The Many Identities of Eastern Ukraine

Last Update: 4/16/2014 12:21 AM

By Will Spargur

Over the last couple months events in Eastern Ukraine have captured worldwide attention.  To give context to these events we interviewed three recently returned Peace Corps Volunteers who served in the Eastern Ukraine: Jing Li, Julia Lee and, Kyle Borley.  Just like in the US, interpretations of events and politics vary from region to region, among young and old, urban and rural populations.  This article focuses on volunteer experiences in Eastern Ukraine where Lenin Statues decorate town squares and Russian is the lingua franca.  Western Ukraine is a very different place which we’ll cover in next month’s newsletter.

Julia Lee, Far Right

How did the people in your area identify themselves?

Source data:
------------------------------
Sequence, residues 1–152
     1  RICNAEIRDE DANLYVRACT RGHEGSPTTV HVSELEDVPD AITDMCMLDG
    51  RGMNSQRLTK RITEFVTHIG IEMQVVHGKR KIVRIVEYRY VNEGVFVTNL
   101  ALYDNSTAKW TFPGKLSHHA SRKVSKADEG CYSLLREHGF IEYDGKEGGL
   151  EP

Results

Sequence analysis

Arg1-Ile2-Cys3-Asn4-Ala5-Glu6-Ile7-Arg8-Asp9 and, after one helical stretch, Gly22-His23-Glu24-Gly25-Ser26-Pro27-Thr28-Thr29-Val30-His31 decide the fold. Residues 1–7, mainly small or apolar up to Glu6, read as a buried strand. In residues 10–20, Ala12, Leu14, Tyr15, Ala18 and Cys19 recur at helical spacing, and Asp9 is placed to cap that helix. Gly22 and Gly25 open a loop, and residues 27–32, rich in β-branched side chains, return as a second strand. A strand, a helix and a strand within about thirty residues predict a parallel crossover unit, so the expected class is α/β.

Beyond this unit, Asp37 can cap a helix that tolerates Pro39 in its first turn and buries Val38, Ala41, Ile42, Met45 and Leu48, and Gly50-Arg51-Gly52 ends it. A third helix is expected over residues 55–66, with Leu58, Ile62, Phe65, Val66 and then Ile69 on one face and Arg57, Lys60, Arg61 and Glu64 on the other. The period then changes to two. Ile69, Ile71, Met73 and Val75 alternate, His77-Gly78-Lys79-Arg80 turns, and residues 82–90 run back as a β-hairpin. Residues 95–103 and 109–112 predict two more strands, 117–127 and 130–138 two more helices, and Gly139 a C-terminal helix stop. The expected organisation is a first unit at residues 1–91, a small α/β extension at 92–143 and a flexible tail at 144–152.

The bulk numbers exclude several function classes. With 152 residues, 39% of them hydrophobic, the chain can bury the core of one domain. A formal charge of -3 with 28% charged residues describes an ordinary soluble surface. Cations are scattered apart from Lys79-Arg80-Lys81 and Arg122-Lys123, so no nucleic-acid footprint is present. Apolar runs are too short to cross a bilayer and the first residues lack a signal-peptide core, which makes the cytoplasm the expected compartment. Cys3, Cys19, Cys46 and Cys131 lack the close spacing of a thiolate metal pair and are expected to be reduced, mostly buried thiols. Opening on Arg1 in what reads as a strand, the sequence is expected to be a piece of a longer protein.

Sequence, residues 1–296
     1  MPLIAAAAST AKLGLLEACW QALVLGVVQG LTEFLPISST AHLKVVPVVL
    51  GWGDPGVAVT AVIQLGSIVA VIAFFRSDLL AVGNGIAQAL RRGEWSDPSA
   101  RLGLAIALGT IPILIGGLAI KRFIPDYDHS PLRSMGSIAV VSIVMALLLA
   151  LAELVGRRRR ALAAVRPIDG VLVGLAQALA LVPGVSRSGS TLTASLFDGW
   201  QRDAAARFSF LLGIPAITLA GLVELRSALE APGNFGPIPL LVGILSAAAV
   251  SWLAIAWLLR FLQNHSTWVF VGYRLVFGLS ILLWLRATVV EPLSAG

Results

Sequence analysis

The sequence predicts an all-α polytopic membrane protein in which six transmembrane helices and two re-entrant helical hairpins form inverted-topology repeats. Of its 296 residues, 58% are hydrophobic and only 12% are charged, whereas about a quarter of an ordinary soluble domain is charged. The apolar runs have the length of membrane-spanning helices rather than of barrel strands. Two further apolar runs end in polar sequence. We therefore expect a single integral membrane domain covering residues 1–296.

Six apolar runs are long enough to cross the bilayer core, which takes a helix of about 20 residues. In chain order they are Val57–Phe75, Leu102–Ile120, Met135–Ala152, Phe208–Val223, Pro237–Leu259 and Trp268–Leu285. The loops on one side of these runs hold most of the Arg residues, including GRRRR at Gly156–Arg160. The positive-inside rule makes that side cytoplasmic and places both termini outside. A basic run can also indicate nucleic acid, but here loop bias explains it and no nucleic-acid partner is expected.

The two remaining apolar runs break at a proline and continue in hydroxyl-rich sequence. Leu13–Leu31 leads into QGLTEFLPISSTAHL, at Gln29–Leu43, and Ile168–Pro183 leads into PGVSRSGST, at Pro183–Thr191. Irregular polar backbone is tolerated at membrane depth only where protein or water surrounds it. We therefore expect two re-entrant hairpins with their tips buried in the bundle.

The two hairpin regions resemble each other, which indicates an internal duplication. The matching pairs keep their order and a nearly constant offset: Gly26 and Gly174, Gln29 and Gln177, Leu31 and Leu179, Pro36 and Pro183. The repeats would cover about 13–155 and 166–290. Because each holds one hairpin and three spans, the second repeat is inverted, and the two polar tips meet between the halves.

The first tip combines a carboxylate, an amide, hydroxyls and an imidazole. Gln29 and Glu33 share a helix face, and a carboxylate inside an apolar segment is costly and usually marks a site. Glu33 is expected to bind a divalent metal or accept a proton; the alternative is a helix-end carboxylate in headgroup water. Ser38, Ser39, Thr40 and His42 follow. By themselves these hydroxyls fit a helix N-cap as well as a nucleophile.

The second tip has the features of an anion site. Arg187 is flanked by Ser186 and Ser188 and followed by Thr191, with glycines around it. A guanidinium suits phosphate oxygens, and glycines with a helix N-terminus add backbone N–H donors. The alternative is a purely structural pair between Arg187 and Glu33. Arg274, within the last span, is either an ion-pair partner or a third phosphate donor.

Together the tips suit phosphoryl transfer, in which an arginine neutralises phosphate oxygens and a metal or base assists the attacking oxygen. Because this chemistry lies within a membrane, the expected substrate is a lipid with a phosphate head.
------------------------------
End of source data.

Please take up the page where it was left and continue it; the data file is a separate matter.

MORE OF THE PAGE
Julia: Mine were Ukrainian but once the barriers broke down and they got to know you better they would say they were Russian.  There's a history with the USSR and part of the culture is that they don’t open up to strangers.  You have to know them a while.  In my town they were always on their tip toes because they are so close to Russian but still part of Ukraine.  A lot work in government so they can't say outright 'I want to go back to the USSR times'.  They still have to be pro-Ukraine. 

Jing: I think it depends on where you are.  In Kharkiv it's very Russian, people speak only Russian, signs are in Russian and there’s lots of soviet symbols around but when you go to smaller villages like mine, where people were originally Ukrainian, they still speak mainly Ukrainian but it’s very mixed with Russian.